The Jeep, once it entered mass production, introduced several new automotive technologies. Having four-wheel drive for the first time introduced the need for a transfer case, and the use of constant-velocity joints on the driven front wheels and axle, to a regular production car sized vehicle.
By October 1941, it became clear that Willys-Overland could not keep up with production demand, and Ford was contracted to build Jeeps as well, using Willys blueprints, drawings, specifications, and patents, including the Willys engine. The Ford car was then designated "GPW", with the "W" referring to the "Willys" licensed design and engine. During World War II, Willys produced 363,000 Jeeps and Ford some 280,000. Approximately 51,000 were exported to the U.S.S.R. under the Lend-Lease program.
The USA provided Jeeps to most or all of the Allies in World War II. Britain, Canada, Australia, India, the Free French, China and Russia all received Jeeps, mostly under the American Lend-Lease program. Within the U.S military, Jeeps were used by every branch. In the U.S. Army, an average of 145 units were assigned to each infantry regiment. Around the world, Jeeps took part in every theater of war overseas in Africa and the Pacific Theater, the Western Allied invasion of Europe in 1944, as well as the Eastern Front. Jeeps became so ubiquitous in the European battle theater that some German troops believed that each American soldier was issued their own Jeep.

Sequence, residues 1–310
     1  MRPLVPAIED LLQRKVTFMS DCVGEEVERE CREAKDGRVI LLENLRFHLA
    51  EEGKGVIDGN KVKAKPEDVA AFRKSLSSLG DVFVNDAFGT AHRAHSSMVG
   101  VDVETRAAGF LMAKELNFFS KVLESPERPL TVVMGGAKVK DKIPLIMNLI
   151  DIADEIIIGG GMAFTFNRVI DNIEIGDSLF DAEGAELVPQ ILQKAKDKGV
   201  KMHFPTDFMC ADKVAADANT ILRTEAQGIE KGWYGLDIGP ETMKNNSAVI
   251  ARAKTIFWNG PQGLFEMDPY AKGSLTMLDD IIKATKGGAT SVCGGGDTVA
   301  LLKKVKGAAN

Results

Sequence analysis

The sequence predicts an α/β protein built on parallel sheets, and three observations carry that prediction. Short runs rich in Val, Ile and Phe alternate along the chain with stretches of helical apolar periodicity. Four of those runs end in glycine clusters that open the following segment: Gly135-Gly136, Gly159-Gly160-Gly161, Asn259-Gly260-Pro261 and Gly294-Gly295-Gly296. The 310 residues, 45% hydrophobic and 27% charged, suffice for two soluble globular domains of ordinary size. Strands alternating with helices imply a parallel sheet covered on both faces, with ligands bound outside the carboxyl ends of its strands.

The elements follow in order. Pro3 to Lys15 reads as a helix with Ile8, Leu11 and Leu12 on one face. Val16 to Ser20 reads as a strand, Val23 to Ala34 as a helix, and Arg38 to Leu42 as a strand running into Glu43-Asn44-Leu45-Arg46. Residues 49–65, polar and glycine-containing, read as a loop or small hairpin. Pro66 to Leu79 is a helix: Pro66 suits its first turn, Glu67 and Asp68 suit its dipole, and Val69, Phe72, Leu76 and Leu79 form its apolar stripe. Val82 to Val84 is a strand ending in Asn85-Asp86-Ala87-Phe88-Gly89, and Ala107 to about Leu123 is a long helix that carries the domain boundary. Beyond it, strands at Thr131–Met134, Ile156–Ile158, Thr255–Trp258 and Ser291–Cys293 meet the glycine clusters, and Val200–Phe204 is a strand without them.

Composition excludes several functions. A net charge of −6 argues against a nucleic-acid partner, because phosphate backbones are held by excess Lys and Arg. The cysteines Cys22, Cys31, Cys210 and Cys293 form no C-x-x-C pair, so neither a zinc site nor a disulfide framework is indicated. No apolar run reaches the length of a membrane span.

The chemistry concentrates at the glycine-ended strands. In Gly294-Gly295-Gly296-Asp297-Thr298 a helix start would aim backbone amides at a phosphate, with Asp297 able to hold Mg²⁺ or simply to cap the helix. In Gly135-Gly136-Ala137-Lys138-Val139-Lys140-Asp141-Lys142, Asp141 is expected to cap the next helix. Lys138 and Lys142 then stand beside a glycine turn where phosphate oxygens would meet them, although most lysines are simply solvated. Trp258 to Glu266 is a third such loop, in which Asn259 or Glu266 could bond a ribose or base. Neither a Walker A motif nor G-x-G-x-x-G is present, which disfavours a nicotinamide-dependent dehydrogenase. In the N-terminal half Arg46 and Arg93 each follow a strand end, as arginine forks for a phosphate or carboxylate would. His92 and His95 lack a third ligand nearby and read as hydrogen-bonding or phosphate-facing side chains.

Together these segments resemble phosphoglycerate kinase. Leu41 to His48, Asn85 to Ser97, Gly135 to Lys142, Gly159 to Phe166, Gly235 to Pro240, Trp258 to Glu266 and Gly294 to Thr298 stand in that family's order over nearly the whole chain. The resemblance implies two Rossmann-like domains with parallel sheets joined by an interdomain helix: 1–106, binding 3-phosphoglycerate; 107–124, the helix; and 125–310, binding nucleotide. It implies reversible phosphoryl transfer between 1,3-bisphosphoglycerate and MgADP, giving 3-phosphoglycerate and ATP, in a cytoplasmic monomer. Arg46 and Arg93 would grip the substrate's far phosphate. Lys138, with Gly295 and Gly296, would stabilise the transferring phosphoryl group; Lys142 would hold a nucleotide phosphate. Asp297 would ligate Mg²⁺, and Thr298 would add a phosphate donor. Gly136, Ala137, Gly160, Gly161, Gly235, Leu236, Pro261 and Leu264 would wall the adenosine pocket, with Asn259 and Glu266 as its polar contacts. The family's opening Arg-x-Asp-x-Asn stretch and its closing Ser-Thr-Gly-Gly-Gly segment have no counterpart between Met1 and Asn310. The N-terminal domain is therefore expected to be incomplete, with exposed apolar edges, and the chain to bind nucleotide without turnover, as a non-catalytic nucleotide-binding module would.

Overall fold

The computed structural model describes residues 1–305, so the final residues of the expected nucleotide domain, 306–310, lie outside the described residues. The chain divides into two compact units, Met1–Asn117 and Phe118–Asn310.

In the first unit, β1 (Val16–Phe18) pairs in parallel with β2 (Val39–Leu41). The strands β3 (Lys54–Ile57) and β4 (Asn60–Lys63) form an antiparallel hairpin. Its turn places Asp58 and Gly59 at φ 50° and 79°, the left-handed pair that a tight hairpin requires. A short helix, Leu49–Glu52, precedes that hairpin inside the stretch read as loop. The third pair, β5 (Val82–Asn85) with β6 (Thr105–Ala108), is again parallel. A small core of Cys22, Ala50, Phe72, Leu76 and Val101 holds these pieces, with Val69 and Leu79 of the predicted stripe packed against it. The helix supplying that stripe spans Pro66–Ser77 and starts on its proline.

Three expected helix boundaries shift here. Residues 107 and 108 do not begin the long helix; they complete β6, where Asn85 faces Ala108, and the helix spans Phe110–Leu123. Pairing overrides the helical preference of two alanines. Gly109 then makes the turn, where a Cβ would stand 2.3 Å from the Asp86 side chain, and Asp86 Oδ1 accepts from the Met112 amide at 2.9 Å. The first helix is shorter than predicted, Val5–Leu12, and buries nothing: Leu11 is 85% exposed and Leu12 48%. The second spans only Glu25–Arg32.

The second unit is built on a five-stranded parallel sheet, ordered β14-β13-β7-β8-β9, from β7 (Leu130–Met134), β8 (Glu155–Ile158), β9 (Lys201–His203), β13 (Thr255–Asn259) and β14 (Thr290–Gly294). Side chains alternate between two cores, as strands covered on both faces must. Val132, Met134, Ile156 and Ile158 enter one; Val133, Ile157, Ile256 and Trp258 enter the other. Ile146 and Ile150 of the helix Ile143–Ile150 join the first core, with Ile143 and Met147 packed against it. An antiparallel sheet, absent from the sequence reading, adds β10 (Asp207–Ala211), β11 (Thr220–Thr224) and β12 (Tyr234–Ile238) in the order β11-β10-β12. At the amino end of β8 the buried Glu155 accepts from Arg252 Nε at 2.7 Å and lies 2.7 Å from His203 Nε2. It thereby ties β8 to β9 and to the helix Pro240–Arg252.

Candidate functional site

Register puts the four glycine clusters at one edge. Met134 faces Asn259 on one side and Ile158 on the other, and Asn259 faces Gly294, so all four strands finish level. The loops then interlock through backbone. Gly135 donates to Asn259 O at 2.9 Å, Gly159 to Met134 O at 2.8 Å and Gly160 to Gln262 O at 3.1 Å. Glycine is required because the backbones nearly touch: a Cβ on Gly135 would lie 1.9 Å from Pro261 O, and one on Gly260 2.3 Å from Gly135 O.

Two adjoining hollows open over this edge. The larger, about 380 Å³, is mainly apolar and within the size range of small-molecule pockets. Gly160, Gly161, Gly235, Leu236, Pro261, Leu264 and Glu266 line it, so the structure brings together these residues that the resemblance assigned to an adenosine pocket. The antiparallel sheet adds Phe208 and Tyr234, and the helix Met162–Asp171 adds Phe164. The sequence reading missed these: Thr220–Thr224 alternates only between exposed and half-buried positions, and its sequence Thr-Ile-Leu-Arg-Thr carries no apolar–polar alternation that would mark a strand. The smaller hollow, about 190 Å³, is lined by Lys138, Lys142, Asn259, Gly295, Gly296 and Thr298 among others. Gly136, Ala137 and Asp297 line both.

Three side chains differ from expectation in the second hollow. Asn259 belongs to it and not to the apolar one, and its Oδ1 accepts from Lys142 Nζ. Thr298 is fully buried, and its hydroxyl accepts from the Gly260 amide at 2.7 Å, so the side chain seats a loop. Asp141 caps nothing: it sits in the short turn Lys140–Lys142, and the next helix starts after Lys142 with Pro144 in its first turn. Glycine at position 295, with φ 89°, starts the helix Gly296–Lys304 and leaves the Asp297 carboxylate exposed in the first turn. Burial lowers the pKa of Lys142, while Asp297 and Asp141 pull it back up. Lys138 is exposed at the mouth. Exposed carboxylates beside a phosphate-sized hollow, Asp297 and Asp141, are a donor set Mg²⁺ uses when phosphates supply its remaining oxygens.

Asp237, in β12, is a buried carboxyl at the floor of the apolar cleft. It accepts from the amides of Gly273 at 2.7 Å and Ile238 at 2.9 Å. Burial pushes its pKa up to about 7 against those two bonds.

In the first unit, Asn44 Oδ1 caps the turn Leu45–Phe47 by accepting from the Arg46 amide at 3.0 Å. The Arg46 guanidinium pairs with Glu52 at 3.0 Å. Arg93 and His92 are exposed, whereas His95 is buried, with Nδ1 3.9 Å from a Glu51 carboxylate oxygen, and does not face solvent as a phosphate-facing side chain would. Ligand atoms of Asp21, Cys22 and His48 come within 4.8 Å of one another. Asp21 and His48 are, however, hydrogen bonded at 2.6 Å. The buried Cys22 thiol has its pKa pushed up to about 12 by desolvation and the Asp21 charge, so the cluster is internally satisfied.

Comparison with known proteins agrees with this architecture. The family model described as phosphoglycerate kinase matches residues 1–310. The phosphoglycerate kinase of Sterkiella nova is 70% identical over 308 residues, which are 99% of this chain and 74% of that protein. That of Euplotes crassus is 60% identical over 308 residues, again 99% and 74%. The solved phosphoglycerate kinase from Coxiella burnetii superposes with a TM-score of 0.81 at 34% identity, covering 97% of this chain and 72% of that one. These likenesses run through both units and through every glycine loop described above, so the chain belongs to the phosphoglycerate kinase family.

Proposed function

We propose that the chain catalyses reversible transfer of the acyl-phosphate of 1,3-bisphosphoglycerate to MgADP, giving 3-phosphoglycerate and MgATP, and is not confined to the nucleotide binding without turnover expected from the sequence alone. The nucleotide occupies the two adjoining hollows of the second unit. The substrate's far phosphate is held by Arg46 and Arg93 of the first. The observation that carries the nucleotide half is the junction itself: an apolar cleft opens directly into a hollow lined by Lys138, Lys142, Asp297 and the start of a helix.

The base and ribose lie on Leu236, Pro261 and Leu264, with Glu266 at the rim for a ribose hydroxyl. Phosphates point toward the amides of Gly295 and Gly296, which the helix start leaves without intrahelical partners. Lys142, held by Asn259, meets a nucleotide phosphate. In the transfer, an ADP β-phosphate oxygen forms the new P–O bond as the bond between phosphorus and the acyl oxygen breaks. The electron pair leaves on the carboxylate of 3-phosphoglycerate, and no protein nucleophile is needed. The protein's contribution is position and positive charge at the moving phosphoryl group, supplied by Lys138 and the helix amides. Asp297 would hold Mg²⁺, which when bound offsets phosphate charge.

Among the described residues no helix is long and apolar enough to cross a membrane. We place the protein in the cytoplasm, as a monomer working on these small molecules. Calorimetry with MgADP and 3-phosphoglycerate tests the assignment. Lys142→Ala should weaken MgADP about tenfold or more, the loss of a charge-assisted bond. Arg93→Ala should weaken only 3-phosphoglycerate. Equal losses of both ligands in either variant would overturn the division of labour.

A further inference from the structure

In the North Africa deserts, the Jeep's abilities so far surpassed those of British vehicles that it wasn't unusual for Jeeps to rescue a three-ton truck stuck in the sand. In combat, the British would use their Jeeps in groups of up to fifty or sixty to raid Rommel's lines by surprise, exploiting the Jeep's low silhouette; able to remain unseen, hide behind dunes, and surprise the enemy.